The only question is will The Center accept the funds for hiring armed officers?
San Diego LGBT activists are calling for increased armed security in and around the San Diego LGBT Center following recent hate-based crimes in Hillcrest and San Diego.
Over the weekend 19-year-old John Earnest was taken into custody on suspicion of killing one woman and injuring three others after he opened fire at a San Diego County synagogue.
On February 12 of this year, Stefano Markell Parker, 29, took a loaded automatic rifle and fired into the busy Asian Bistro on University Avenue.
Some in the community are taking these incidents as a warning of what could happen if The Center is left exposed without adequate defenses.
City Commissioner Nicole Murray Ramirez is especially concerned, enough so he has committed to starting a fund to help The Center.
"It's long overdue that our LGBT Community Center hire professional security guards," stated Ramirez. ''The Imperial Court de San Diego and the GLBT Vote 2020 commit $1,000 apiece and Eddie Reynoso and the San Diego Equality Business Alliance commit $1,000 apiece towards this effort."
Murray-Ramirez, who chairs the San Diego County Sheriff's LGBT advisory board, says he has always been concerned about the safety of staff and clients of The Center. He refers to an incident that happened four years ago when an alleged transient entered the building and injured activist Connor Maddocks by punching him in the face.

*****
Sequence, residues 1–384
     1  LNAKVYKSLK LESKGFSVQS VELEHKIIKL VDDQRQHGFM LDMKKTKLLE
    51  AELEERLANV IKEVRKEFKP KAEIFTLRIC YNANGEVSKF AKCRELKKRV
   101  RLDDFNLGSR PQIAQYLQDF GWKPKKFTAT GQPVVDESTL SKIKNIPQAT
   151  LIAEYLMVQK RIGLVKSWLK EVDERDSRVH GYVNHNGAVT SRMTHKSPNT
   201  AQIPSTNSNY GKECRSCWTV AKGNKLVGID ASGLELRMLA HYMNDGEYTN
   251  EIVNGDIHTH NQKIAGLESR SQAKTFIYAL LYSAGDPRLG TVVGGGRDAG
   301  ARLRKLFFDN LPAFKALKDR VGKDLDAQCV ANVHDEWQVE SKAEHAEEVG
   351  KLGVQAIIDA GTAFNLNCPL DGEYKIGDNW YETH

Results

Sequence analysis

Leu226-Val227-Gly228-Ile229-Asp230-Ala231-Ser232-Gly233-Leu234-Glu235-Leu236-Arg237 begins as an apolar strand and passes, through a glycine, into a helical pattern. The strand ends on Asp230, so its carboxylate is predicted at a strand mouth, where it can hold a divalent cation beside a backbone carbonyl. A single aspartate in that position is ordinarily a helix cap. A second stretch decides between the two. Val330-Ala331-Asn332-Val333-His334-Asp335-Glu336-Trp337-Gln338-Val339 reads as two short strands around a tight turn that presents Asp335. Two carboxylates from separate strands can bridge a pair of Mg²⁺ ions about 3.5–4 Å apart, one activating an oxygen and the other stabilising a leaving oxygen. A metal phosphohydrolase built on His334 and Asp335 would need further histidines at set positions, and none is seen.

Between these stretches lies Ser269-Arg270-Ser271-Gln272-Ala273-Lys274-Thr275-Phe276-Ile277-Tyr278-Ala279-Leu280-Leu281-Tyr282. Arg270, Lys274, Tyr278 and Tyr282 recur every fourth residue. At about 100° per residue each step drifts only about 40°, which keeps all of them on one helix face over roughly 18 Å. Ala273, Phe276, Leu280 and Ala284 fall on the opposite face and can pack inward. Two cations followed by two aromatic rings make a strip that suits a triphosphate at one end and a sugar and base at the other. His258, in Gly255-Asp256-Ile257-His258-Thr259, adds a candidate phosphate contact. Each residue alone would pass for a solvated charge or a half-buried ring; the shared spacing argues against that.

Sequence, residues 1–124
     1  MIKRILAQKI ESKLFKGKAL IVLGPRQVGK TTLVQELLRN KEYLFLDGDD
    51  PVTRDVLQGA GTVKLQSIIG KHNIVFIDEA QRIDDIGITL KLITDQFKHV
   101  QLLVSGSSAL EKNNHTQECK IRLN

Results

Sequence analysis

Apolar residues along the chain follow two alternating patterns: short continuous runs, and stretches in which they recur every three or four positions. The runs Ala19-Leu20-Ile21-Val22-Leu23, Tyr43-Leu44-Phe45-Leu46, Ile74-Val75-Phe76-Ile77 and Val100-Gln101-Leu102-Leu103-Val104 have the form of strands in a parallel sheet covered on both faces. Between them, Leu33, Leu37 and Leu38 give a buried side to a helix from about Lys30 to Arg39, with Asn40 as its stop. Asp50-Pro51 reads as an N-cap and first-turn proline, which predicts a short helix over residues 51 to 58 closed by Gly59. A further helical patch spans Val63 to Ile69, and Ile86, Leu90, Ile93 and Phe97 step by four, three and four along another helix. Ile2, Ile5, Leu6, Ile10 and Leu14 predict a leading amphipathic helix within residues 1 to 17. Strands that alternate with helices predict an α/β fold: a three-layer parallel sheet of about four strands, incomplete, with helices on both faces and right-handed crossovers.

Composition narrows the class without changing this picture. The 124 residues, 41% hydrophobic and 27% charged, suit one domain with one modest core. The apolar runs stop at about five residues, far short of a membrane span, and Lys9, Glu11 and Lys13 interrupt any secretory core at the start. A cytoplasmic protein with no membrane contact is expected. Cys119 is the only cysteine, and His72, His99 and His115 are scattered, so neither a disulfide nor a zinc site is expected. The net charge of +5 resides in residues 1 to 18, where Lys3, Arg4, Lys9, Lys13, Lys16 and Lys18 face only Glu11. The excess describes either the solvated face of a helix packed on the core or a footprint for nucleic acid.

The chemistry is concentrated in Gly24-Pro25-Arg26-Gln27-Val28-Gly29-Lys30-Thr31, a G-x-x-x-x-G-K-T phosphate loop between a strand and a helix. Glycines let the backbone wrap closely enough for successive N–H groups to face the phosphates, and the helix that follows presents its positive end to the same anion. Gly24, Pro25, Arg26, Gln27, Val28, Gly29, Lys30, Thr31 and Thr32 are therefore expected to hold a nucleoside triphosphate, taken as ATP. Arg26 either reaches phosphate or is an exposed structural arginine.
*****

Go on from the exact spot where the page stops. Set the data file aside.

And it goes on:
Community members, Murray-Ramirez adds, are growing more and more concerned with the "growing encampment" of non-LGBT transients who are taking up space near The Center.
"But the Center has refused to hire armed security guards," he said. "It is time that our LGBT Center, the Metropolitan Community Center, and San Diego Pride reaccess their security situation as many of our LGBT bars have in view of recent growing anti-gay incidents in Hillcrest."
Two days day after the shooter opened fire into the Asian Bistro, Murray-Ramirez, who is also Chair of Mayor Kevin Faulconer's LGBT Advisory Council, brought together SDPD with the Police Chief and the FBI and Hillcrest bars and businesses to discuss the growing anti-gay incidents in the neighborhood.
When asked about security at that meeting, Murray-Ramirez says representatives from The Center stated their concern about "uniformed" security. The organization has a history of not wanting police officers in uniform inside the building as it may trigger some clients and visitors.
Nicole Murray-Ramirez has also called upon the San Diego County Board of Supervisors to reestablish the San Diego County Human Relations Commission that was dissolved in the 1980s when then-supervisor Leon Williams, the only person of color, ever elected left the board.
San Diego Gay and Lesbian News reached out to The Center for comment, but they were unable to make a statement at this time.